CPAC's assistance in formulating something that would work
    to both protect the consumer and the grooming industry.

    Sen. Kruger's staff is sufficiently convinced that his bill
    won't receive a vote that they are actually interested in a
    combined bill as long as Kruger can be put on as a
    co-sponsor. This was very good news.


    On May 2nd I met with I met with Mass. Sen. Tisei's staff in
    Boston. We had an extremely long meeting about S235. This
    meeting was very promising. Our suggestions included:

    Adding licensing of grooming facilities. Many of
    the provisions of the bill require compliance with things
    that only facility ownership can do. Without licensing the
    facility it would be impossible to enforce compliance if the
    owner is not present. In the case of absentee owners, the
    current bill language would make an employee groomer
    responsible and their license at risk for things they have
    no control over.

    Minimum crate construction requirements to ensure
    that crates housing dogs in grooming facilities can be
    easily cleaned and that surfaces cannot be constructed of
    bare wood or other absorbent material.

    A wording change to eliminate the banning of drying
    cages. As the bill is currently worded, it would no longer
    be allowed to dry a dog in any kind of cage. The intention
    was to ban heated drying cages. Of course the Senator was
    unaware that his bill would have this effect and that heated
    dryers also include equipment that hangs on the outside of a
    cage. We suggested change the wording to say that the
    temperature surrounding the animal shall be compatible with
    the health and well-being of the animal and that temperature
    must be regulated to include temperatures inside cages used
    for drying animals. This would then eliminate the need to
    regulate heated dryers at all by making the groomer
    personally responsible for any heat related injuries to the
    dog while in the groomer's care whether in a heated dryer or
    not. Sen. Tisei's staff were very receptive to this idea.

    Changing the requirements for licensing
    bather/brushers. As it currently reads, the bill would
    require bather/brushers to obtain 80 hours formal education
    from a registered and accredited school or apprentice for 80
    hours under a licensed master groomer. Since bathers are
    normally an entry level position, very few groomers will
    qualify under the current requirements for master groomer,
    and a facility can only have a total of two apprentices at
    any one time we suggested that this requirement should be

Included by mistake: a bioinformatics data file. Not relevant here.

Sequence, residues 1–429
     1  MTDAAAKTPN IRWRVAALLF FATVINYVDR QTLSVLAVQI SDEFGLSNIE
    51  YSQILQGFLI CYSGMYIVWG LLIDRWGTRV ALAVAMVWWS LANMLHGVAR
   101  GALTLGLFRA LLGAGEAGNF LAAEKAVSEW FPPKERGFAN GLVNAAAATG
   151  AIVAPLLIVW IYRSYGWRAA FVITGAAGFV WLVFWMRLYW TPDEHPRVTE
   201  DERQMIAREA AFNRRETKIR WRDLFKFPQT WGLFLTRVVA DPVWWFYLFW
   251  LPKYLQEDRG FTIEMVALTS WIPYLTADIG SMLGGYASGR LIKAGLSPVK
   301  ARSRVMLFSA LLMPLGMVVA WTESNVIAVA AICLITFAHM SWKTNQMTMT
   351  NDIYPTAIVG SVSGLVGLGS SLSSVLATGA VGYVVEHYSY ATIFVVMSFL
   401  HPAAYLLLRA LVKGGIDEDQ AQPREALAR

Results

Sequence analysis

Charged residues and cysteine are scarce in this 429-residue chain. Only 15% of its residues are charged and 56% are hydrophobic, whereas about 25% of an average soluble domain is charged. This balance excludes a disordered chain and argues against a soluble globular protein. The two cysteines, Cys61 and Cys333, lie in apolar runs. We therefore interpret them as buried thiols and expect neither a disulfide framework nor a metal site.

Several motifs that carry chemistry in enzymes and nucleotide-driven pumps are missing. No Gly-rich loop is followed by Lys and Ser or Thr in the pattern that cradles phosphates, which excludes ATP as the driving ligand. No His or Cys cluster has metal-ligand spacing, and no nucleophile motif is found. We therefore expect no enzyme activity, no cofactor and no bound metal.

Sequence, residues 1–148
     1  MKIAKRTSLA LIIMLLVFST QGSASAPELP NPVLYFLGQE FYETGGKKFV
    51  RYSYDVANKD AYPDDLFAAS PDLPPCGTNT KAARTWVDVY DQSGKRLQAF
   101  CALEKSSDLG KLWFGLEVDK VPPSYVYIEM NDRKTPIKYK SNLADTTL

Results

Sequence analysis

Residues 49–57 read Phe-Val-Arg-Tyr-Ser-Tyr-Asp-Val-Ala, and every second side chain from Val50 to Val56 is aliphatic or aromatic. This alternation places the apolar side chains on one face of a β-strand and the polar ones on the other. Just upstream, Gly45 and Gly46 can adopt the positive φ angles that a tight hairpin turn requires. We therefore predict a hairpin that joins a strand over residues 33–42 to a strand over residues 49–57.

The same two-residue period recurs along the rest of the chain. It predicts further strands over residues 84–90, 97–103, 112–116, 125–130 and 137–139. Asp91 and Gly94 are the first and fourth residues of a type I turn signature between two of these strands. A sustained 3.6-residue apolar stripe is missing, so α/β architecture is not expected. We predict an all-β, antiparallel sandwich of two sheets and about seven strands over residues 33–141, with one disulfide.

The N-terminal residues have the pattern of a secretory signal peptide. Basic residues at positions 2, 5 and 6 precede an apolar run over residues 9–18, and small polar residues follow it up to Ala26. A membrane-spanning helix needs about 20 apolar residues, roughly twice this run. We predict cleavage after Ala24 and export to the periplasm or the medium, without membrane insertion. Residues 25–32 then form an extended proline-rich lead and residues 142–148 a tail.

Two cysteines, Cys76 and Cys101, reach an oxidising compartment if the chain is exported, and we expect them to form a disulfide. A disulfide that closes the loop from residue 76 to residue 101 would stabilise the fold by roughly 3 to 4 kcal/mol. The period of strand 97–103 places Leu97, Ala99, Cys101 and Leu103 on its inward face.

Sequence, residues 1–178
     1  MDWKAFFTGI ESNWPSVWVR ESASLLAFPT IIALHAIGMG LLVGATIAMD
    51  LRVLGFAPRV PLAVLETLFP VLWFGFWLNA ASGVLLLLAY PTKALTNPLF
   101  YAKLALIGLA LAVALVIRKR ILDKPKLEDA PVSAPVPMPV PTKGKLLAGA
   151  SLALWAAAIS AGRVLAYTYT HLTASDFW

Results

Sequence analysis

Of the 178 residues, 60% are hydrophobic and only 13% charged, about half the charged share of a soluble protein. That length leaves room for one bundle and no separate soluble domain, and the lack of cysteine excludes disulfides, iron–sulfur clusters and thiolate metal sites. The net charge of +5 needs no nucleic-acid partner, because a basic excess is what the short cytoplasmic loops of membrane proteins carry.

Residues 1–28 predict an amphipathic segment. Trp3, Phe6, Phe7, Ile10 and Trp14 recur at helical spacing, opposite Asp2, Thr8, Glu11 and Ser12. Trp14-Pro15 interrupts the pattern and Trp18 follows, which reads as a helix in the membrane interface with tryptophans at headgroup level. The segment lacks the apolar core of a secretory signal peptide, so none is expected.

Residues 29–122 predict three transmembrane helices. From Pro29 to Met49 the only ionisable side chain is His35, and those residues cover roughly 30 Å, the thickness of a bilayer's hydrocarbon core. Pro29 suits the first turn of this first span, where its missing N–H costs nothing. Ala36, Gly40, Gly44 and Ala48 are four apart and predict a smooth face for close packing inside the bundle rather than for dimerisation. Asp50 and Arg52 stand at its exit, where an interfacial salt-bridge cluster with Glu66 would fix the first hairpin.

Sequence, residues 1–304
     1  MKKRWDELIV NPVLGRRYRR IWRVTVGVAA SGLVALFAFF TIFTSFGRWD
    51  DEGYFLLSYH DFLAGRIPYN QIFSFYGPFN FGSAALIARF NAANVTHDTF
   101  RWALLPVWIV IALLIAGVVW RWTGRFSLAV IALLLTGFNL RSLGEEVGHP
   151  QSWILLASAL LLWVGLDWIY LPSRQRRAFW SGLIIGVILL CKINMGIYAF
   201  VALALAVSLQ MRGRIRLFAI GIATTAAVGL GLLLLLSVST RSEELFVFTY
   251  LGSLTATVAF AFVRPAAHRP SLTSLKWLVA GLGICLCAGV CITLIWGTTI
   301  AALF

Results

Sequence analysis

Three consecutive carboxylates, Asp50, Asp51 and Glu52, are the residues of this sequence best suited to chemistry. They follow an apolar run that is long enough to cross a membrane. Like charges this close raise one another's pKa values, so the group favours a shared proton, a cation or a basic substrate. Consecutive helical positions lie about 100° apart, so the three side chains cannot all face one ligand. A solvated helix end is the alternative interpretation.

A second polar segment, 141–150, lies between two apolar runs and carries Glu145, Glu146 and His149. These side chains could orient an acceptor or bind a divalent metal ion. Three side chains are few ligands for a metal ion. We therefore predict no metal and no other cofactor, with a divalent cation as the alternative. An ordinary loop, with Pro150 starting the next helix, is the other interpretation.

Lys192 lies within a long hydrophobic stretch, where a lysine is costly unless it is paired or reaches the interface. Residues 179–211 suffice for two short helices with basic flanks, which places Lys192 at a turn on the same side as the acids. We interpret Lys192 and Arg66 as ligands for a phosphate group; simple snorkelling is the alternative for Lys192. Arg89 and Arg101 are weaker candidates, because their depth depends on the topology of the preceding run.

changed to allow any groomer to apprentice a bather/brusher.
    The staff recognized the problem we identified and agreed
    that this would be a better option.

    The acceptance of proof of certification from a
    national groomer association approved by the board as
    qualification for licensing without regard to formal groomer
    education, apprenticeship, or number of years in business
    prior to the new law taking effect. The Senator and his
    staff were unaware that such a thing even existed. They
    were also very interested in this proposal for qualification
    for both basic groomers and master groomers as well as for
    grandfathering in existing groomers without regard to length
    of time in business.

    This meeting was extremely productive. They are very
    interested in our assistance in improving the bill. They
    also informed me that the bill is scheduled for committee
    hearing on June 12, although the date had not yet been
    released for publication. They encouraged me to attend that
    hearing and we are discussing the possibility of amending
    the bill with most if not all our suggestions prior to that
    date. If that cannot be done, then to work with us on an
    amendment to present at the hearing.

    If we can get these proposals amended into the bill, I think
    we will have the first extremely good state licensing
    proposal for groomers and grooming facilities. I will be
    attending the committee hearing next month.


    All in all, it was a very long but very productive trip. We
    met legislators and staff from both New York and
    Massachusetts and made some significant inroads to hopefully
    make these bills much better.

    Jay

    Jay Stull
    Executive Director
    Canine Political Action Corps
    866-465-CPAC
    1443 Farmside Dr
    Foristell, Mo 63348
    mailto:[email protected]
    www.CaninePAC.org
    Most questions regarding GroomerTALK are answered in the Board Help Talk Forum. Thanks for coming to our community a part of PetGroomer.com https://www.petgroomer.com.

  • #2
    so breaking this down: heated cage dryers still will be legal? I personally don't see a need for them and thing they are not a good thing..imo
    all groomers have to be certified? is that what I read? why don't they just make training available through state vocational schools and forget the rest of the money making slave shops(as I've heard this term used from a school graduate?)
    And this still keeps the "organizations" open for business per sei? ndgaa and such?